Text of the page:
One of the things that always happens while I am gone is that books accumulate for me to read and review on my blog.  This week the pile is bigger than usual as Tom is starting research for a new book and keeps sending reading material my way.  However the one at the top of the pile for me is Pilgrimage of a Soul by Phileena Heuertz.  I wrote an endorsement for this book some months ago and have been waiting expectantly for its appearance.  It is one book that I read cover to cover even in the original galley form in which it was first sent to me.

I love this book and think that it is perfect for summer reading, especially for those who want to spend some time retreating, reflecting and renewing their faith.  Phileena beautifully weaves the story of her own pilgrimage walking The Camino in Spain with husband Chris, through the recounting of her life struggles, joys and spiritual journey.

Like me Phileena calls herself a contemplative activist.  She and her husband Chris co-direct Word Made Flesh, giving their lives to building communities of justice, equality and opportunity amongst victims of war, prostitution and poverty.  The walk to Camino was the first sabbatical the Phileena had taken in 12 years and Pilgrimage of a Soul is a powerful testimony to the value of such experiences in all our lives.  Phileena draws from the life of Mother Theresa and the writings of Henri Nouwen, St John of the Cross, Parker Palmer and others to enrich her book.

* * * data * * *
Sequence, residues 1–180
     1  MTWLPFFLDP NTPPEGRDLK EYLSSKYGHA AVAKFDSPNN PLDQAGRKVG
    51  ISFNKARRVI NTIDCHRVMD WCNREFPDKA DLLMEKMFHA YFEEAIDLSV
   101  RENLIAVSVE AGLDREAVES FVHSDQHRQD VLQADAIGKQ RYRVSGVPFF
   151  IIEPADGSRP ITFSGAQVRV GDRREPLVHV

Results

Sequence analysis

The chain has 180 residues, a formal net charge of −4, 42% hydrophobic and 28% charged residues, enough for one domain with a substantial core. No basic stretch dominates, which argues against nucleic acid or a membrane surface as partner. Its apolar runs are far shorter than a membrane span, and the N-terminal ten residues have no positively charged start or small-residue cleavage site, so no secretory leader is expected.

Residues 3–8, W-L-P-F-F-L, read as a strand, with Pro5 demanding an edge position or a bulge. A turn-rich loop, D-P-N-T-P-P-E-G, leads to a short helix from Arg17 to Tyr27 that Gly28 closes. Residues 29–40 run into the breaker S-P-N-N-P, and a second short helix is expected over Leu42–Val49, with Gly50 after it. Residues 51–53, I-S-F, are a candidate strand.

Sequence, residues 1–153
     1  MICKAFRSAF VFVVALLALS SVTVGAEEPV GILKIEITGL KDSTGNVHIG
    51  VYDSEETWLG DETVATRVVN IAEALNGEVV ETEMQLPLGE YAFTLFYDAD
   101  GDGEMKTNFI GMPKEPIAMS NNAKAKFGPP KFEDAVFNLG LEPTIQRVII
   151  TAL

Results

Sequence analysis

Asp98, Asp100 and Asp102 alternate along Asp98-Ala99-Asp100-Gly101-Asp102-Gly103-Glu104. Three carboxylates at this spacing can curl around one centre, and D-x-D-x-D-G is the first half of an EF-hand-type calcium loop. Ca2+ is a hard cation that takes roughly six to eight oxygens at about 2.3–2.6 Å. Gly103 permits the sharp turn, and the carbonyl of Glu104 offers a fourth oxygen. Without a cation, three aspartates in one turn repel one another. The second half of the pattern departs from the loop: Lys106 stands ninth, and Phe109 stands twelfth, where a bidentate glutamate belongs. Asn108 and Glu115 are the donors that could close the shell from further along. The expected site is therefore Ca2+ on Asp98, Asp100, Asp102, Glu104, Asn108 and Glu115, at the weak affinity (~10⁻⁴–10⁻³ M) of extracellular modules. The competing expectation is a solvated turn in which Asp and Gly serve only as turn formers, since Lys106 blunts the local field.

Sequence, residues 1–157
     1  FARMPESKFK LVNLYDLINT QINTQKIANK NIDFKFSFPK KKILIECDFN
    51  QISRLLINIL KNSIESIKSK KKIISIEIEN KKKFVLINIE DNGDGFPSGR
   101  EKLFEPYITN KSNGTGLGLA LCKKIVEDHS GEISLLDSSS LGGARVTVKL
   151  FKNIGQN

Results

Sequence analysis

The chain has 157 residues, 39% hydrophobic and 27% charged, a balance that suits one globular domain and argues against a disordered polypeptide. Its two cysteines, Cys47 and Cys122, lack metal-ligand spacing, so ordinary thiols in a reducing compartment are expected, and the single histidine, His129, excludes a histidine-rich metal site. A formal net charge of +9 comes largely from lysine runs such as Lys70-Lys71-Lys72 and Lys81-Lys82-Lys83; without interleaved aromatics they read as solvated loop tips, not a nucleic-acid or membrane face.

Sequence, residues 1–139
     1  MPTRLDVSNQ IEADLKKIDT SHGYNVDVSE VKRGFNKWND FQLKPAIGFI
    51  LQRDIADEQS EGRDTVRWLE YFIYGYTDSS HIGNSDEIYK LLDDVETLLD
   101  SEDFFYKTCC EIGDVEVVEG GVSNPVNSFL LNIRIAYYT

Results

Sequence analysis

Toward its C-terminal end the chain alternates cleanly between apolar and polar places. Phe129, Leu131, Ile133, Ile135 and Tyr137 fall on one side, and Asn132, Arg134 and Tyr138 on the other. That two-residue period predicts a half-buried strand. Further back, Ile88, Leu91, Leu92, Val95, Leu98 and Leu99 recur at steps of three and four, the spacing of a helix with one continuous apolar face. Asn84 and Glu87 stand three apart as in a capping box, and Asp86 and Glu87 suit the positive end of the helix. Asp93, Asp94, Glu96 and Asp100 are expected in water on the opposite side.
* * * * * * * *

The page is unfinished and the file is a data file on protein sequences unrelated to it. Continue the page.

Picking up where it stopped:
I found myself laughing with her, crying with her and wanting to a part of what she was doing.  I heartily recommend it not just to those who are contemplating a time of retreat or sabbatical but to all who want to enrich and deepen their faith.  Well done Phileena and thanks for writing this book and allowing us to enter into your life in this way.

I would love to quote the whole book for you but will restrain myself and only give you a glimpse of one section.  I will leave you with these words to reflect on:

In our modern world, it is much too easy to overextend our limits toward activity and productivity.  Stillness, solitude and silence are not valued today like they may have been for our ancestors whose days were filled with these qualities simply by the nature of their life’s labour and limitations.  We tend to see restrictions to activity and engagement as something to be avoided.  But limitations and restrictions can be a grace for us. Within the context of our limitations, God can do for us what we cannot.  The caterpillar can’t make herself become the butterfly – that kind of change requires confinement, solitude, stillness and receptivity to something bigger than herself.  This is how transformation is made possible.  remember, we cannot make ourselves grow; but we can choose to submit to or resist the process.  And though much growth takes place in our active lives, all elements of creation are subject to contemplative stillness as an integral part of growth and transformation.  The butterfly does not become the magnificent, colourful creature by a fury of activity.  She submits to the confinement of the chrysalis – womb-like, tomb-like.  She is still.  She rests.  She receives.  She submits to a work more glorious than she could have ever conjured up for herself.  (p135)

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